GUEST POST: Who says what? A breakdown of gender bias in news topics and reporting

A graphic with a quote from Kirsty Rorrison that reads: The general trends I observed speak to wider patriarchal norms in our society, wherein men are respected for technical expertise and intelligence, and women are valued in the realms of emotion, care and nurturing.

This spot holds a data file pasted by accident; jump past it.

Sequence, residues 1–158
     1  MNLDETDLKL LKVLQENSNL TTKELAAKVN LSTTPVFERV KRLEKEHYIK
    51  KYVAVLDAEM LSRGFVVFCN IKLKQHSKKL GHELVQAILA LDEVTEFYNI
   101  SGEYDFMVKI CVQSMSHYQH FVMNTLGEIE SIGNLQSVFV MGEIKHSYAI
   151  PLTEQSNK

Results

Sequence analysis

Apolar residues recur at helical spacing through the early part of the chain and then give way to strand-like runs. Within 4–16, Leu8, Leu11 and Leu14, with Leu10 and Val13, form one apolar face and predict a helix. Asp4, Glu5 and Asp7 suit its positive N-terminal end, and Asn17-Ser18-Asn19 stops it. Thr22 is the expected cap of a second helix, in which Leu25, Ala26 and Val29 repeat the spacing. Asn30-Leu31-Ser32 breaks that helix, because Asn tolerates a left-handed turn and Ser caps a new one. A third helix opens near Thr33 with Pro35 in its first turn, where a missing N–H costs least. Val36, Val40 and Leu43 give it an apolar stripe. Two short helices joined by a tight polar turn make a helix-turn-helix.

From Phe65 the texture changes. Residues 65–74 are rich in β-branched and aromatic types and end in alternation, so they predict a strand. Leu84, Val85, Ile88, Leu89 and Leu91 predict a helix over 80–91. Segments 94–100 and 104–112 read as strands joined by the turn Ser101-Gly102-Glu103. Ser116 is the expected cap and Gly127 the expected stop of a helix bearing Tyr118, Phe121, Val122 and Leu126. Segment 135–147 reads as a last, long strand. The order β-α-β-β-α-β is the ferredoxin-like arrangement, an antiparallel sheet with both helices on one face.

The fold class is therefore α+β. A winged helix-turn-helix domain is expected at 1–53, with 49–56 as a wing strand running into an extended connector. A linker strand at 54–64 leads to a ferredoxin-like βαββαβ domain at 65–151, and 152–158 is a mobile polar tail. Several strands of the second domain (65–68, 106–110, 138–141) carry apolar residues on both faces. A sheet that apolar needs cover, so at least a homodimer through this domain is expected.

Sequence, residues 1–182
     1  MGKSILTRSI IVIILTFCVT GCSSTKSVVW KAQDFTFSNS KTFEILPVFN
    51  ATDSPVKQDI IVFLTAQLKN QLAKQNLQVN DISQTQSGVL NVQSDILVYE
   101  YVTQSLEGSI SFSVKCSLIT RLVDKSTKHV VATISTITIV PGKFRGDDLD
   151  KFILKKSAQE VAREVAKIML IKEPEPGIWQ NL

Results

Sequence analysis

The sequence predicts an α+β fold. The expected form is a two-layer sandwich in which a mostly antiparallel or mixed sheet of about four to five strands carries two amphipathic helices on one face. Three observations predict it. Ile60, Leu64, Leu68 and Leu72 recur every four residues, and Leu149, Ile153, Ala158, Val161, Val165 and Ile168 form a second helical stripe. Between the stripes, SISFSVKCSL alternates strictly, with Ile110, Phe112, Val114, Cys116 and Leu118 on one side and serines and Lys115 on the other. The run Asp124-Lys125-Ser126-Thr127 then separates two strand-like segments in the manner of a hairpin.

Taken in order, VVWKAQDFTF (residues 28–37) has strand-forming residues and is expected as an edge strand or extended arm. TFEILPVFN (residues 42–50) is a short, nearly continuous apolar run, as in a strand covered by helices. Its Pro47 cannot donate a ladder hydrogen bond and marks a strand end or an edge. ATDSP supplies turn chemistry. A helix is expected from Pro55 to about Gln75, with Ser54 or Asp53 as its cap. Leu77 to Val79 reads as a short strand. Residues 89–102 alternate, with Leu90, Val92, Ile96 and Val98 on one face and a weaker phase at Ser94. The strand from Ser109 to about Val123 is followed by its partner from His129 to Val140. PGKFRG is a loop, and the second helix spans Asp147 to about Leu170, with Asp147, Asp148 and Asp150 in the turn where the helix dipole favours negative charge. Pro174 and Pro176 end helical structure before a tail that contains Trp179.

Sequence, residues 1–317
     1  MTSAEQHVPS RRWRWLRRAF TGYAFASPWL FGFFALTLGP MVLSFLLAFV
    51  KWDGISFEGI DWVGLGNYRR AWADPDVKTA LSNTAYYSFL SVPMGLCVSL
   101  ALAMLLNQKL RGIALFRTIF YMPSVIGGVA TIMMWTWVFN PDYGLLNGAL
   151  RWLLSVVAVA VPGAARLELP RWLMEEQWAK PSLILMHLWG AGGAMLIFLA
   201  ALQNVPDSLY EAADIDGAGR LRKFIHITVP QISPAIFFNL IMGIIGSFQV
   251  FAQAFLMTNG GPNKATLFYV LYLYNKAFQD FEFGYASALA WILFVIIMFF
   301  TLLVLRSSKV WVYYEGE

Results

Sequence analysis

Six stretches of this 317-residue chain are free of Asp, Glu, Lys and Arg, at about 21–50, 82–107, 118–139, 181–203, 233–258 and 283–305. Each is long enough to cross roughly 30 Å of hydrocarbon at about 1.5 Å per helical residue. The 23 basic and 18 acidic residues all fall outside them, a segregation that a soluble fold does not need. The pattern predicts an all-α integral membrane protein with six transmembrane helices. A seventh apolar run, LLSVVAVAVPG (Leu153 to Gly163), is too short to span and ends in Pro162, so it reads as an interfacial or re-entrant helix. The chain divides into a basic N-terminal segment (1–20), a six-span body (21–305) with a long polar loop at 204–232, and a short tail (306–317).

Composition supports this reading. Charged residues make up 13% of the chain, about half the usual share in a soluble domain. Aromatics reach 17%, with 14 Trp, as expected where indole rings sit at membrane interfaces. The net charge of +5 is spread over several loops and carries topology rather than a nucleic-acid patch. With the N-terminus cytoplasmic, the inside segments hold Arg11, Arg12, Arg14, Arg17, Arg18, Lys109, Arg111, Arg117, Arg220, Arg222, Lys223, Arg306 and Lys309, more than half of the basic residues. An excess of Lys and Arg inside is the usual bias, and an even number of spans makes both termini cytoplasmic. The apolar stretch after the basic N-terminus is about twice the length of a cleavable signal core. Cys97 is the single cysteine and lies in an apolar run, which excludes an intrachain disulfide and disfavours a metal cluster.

This blog is part of a series of posts by student placements from the University of Strathclyde Applied Gender Studies and Research Methods course that Engender hosted in Spring 2022. We wanted to share Kirsty Rorrison's valuable research here on the GEMS site too.

In the second of three posts, Kirsty Rorrison continues research into gender bias in political news reporting during the COVID-19 pandemic. Here, she looks specifically at the breakdown of bias in topics and authors, as well as whose voices are missing in the reporting of the pandemic.